Photochemical damage from blue light is proposed to emanate from a given amount of light, regardless of whether that amount of light is absorbed over a brief or extended period of time.24 The effect of cumulative light exposure is not purely additive. Dose fractionation can produce a more severe effect than the same total duration of illumination without interruptions.6 This fractionation is a possible concern for surgeons working under high luminance who operate on multiple patients during the work day.
On the other hand, recovery from phototoxic retinal damage has been shown in several studies.25–27 Other information suggests that damage to young and adult eyes by intense ambient light can be avoided because the eye is protected by a very efficient antioxidant system; however, after middle-age, there is a decrease in the production of antioxidants.28
The potential exists for light-induced retinal damage because of the (i) blue wavelength component, (ii) intensity of the light, (iii) duration of light use, (iv) magnification by surgical loupes, (v) glare and/or reflection, (vi) age of the practitioner, and (vii) cataracts (which can also function like sunglasses).29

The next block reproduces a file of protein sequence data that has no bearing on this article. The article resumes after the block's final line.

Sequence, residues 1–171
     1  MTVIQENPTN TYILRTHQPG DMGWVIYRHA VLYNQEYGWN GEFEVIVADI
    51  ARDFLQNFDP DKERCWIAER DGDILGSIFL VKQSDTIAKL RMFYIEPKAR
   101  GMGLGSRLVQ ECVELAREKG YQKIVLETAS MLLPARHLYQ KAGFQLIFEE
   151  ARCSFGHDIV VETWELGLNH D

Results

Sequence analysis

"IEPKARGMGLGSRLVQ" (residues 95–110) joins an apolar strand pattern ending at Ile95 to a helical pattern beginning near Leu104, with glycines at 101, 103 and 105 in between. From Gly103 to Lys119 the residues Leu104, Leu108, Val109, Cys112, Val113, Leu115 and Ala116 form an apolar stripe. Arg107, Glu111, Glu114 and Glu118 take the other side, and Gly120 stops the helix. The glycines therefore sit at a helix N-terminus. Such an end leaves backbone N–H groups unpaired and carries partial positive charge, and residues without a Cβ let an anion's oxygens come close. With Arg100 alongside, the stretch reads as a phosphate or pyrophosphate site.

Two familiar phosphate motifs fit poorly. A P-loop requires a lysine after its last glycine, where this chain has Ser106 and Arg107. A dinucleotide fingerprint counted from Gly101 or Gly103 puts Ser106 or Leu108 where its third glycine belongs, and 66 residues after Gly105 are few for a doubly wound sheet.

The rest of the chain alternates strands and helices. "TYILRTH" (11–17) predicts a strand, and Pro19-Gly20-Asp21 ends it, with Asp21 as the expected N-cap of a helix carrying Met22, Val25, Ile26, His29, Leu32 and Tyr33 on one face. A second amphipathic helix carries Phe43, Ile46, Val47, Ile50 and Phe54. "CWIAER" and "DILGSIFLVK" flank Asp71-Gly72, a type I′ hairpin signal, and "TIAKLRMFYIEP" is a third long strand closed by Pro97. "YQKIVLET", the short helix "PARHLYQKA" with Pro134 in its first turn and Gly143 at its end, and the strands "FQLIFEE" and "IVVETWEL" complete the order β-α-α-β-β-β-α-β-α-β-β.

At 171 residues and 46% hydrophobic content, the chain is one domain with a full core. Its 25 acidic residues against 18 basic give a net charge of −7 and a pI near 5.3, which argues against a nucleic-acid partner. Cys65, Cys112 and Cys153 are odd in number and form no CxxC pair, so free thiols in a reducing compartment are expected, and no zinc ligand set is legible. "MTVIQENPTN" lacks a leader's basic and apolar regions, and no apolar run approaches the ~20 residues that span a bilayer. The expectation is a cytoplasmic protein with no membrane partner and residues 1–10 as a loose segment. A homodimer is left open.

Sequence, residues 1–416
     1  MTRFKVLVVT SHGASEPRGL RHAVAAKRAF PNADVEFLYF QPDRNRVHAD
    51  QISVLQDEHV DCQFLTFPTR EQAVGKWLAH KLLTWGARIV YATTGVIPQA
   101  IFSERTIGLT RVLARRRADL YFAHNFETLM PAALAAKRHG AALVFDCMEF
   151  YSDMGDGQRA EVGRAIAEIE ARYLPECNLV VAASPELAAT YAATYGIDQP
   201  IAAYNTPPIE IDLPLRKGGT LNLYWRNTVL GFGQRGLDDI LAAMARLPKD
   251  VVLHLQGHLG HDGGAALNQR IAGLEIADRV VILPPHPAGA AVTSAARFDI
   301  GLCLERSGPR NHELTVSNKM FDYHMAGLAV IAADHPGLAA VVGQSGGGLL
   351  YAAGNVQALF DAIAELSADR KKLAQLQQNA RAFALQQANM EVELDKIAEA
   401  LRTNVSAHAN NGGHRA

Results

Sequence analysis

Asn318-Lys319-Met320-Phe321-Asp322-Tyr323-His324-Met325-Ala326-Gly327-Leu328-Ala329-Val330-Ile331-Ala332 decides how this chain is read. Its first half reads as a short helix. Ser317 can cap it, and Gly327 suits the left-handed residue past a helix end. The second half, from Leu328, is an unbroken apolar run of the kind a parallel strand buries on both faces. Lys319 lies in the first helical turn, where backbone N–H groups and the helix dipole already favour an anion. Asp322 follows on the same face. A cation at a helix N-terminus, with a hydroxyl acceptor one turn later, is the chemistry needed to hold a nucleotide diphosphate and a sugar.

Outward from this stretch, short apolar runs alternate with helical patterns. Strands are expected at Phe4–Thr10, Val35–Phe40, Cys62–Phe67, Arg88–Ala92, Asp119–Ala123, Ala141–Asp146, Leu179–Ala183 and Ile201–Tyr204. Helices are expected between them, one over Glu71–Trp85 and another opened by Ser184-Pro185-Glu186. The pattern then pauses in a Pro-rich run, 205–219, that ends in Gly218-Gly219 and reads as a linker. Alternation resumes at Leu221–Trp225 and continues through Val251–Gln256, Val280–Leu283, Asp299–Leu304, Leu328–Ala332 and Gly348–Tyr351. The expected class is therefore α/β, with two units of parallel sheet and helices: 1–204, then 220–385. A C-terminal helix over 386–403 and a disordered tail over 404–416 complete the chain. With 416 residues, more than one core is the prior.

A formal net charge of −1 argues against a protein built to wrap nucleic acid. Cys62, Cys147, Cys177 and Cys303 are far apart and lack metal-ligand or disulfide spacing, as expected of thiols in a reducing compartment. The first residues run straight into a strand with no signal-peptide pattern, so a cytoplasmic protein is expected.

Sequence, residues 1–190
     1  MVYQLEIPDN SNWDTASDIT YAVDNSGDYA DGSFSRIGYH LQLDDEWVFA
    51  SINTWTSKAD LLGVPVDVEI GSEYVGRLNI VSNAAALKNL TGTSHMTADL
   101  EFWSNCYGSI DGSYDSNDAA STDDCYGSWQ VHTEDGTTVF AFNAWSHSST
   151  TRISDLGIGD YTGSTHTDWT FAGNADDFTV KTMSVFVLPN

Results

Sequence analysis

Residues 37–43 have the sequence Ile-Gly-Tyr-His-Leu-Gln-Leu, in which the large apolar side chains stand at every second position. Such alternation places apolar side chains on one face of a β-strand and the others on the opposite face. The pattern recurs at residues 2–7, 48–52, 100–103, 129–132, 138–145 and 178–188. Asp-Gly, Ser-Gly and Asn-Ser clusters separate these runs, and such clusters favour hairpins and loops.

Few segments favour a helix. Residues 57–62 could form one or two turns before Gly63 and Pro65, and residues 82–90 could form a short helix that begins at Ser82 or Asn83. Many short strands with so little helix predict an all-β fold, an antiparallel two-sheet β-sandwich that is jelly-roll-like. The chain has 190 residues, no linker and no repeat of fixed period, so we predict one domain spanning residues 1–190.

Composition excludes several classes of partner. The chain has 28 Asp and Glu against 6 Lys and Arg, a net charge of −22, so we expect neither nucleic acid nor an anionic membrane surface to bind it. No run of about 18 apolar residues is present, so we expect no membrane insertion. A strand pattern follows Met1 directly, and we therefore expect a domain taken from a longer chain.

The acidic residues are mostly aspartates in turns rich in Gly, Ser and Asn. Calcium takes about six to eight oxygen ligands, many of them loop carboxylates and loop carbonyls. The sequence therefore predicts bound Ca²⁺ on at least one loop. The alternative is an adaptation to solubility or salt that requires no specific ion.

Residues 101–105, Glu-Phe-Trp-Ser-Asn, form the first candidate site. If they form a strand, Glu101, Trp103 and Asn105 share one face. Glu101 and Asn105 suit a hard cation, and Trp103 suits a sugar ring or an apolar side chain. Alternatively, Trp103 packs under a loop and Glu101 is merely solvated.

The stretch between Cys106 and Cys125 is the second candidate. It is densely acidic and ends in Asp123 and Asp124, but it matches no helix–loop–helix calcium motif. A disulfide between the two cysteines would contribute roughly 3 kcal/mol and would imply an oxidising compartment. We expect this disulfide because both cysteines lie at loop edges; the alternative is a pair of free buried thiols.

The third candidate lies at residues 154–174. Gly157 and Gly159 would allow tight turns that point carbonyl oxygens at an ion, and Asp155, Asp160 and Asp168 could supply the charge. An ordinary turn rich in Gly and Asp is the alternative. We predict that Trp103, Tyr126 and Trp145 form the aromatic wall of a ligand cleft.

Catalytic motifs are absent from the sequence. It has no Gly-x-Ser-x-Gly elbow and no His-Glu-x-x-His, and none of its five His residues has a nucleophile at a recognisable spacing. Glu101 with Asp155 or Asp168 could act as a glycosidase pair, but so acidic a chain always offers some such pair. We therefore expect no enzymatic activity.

Strictly, the light-field diameter, depth of illumination, color temperature, and nonvisible radiation likely differ between the 2 surgical lamps. Therefore, we admit this study may not provide a direct comparison between the 2 lamp types. In our study, we consider direct gaze to the light for easy comparison, which is rarely experienced in a clinical situation.
In conclusion, many medical professionals have been working under intensive OR lights. In this investigation, we compared the light characteristics and color rendering in 2 shadowless lamps (CLED and LBLED) and searched for an appropriate light filter for surgical loupes. We found that LBLED yielded better color rendering and less blue light. However, surgical lamps cannot be easily replaced because they are expensive and because the purchase is usually under the facility’s control. Therefore, CLED users can use filtering glasses for little extra cost. There are many variables and unknown factors regarding blue light hazards, but we recommend that the medical community should err on the side of caution and make use of blue-light blocking eyeglasses and/or LBLEDs. In our future work, we want to find an appropriate and easily available method for surgeons to identify the appropriate combination of light source, magnifying loupe, and supporting filtering glasses.